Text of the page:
International Tax Planning

Why the trend towards international tax planning?

In the last 15 years a number of significant factors have changed the way companies and individuals conduct their business and financial affairs.

Political Factors

  • The post-Communist era has led to the political and economic reform of the important markets in Central and Eastern Europe.
  • The expansion of the European Union with an additional 10 members, coupled with numerous EU Directives give rise to opportunities for cross border structuring within the EU.
  • The expansion of emerging economies such as India and China has let international investors to seek stable bridge structures to invest into these new powerhouse regions.
  • The move towards democracy in certain regions of Asia, Africa and South America has enabled business people to acquire information and invest in new markets.
  • The transitional stages towards liberalisation of these emerging markets have been marked by long periods of political and economic instability.

Now we can see investors in these emerging markets seeking new ways to structure their investments so as to hedge against these risks of instability through tax efficient and secure jurisdictions.

Economic Factors

Some businesses have expanded to such an extent that they have outgrown their national borders and transformed themselves into multinational groups. The removal of traditional economic barriers has led to increased mobility and availability of products, services and capital, thus transforming these multinational groups into global businesses.

The rapid growth of these emerging markets, with the associated increase in competition, has led to strategic planning being a high priority for businesses wishing to develop successfully. As a result of these changing economic factors, businesses have realised the need to design and implement an effective international tax strategy to maximise their shareholders’ value.

Tax and financial professionals are now having to align tax and company goals into an overall corporate strategy.

Social Factors

  • The increase in personal wealth across the social spectrum has led to an escalation in the number of people living and working abroad.
  • This increase in the international mobility of the workforce means we are now exploring the differences between domicile and tax residence in great detail, in order to reduce overall tax liability.
  • The increase in the incidence of legal claims made against professionals has led to individuals increasingly structuring their assets to protect them from third party claims.
  • The use of a trust as a form of wealth holding can present significant advantages in terms of asset protection, tax reduction, confidentiality and inheritance planning.

Technological Factors

Advances in technology have given both individuals and businesses rapid and efficient access to information on international markets and jurisdictions. This has produced with it a new range of services including on-line consultants and e-commerce.

The structuring and control of business and financial affairs between different international jurisdictions via the Internet presents major advantages in terms of taxation and confidentiality.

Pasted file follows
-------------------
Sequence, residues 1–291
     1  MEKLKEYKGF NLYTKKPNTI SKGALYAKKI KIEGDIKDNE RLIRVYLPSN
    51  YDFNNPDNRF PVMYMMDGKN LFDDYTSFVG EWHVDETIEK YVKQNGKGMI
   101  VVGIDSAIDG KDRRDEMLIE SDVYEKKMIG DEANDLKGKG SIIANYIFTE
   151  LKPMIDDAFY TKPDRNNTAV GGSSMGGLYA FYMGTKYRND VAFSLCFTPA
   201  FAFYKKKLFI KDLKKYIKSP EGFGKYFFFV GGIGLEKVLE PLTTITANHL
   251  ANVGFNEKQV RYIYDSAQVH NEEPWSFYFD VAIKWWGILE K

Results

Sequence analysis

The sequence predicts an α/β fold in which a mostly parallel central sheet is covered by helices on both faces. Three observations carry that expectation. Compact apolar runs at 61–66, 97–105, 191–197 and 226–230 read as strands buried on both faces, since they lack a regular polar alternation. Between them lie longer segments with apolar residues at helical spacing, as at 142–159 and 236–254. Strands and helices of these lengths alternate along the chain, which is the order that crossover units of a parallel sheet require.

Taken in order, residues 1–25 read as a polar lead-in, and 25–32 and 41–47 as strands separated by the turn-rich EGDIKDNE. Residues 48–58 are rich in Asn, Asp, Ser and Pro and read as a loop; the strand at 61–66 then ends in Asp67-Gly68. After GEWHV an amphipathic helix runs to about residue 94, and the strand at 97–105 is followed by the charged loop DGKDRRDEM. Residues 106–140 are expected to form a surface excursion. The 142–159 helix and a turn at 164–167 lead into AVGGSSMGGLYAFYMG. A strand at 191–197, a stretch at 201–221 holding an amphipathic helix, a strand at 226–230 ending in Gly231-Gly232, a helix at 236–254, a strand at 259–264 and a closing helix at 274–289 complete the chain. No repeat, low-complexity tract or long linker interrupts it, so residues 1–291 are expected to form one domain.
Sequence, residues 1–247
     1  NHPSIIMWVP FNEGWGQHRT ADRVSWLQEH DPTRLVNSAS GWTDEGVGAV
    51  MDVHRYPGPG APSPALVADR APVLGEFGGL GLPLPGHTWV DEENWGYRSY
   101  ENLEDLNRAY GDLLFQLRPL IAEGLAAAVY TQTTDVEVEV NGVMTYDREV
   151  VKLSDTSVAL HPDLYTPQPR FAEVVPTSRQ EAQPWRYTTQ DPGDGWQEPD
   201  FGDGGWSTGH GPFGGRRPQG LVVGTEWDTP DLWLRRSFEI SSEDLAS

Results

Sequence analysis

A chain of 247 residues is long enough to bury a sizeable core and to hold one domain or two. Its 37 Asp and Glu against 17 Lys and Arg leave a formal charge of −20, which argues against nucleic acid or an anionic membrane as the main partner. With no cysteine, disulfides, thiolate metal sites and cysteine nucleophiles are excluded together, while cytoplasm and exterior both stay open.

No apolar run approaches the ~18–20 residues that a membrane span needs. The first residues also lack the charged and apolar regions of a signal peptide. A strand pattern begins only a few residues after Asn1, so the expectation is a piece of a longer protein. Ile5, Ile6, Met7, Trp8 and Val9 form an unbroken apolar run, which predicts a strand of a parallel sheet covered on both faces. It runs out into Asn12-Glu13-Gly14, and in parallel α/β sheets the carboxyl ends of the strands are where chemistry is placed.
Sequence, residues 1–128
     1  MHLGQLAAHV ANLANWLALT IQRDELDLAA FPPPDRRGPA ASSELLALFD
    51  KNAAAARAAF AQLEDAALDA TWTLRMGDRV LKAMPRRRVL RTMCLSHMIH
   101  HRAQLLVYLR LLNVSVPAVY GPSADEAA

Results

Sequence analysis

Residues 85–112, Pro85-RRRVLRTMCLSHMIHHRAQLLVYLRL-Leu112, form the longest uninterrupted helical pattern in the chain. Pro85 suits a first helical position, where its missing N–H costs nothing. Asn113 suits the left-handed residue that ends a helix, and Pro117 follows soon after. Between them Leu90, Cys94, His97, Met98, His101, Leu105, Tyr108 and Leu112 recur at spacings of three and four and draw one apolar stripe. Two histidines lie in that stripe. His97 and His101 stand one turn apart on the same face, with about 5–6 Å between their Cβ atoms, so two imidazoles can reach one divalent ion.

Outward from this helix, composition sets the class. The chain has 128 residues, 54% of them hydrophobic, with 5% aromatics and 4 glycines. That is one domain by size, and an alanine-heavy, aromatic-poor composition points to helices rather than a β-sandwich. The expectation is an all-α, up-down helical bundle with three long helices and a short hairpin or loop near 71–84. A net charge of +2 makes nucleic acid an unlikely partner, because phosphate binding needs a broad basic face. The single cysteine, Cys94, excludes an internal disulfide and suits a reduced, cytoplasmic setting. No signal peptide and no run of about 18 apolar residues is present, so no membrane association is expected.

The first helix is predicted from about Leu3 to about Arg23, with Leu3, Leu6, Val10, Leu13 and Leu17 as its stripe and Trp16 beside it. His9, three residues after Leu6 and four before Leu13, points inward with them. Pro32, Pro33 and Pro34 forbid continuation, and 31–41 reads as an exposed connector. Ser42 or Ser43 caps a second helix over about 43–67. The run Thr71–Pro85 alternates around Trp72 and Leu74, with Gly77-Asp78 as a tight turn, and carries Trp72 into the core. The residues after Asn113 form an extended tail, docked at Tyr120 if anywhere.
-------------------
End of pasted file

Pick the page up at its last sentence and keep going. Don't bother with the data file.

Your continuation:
Government and tax authorities

The socio-economic and political factors that are driving global change have led tax authorities in various countries to impose stricter controls on individuals and companies. This compromises the confidentiality of the financial affairs of many companies and individuals.

By creating international corporate structures, it is possible to ensure the confidentiality required by companies and individuals with respect to their financial affairs.

Two decades ago, the offshore industry was still relatively small and was perceived as the domain of only multinationals and high net-worth individuals. Offshore jurisdictions were considered to be centres of somewhat unregulated financial activity operating at the fringes of tax legislation. This false perception can be dispelled today as it is estimated that 60% of the worlds’ money supply (approx. US$6 trillion) each year, flows through or is held offshore.

Laws relating to international business and offshore centres are complex with sophisticated legislation in connection with trusts, taxation and corporate structure. The regulations involved in monitoring such offshore business are strict, and the professionals working within it are of the highest calibre.

Thus, an individual or a company should consider the possibilities of going offshore through a well-designed and implemented tax strategy. Moreover, they should choose a more prominent international business and offshore centre, which has legal, accountancy and investment related infrastructures, and which can provide tax efficient and innovative financial products in a secure and well regulated fiscal environment.

The decision needs to be taken in a structured manner, only after seeking professional advice on:

  • Incorporating Offshore
  • Establishing an International Trust
  • Choosing an International Jurisdiction
  • Private and Corporate Banking
  • Tailor-made solution through International Tax Planning Structures
  • Cyprus in International Tax Planning
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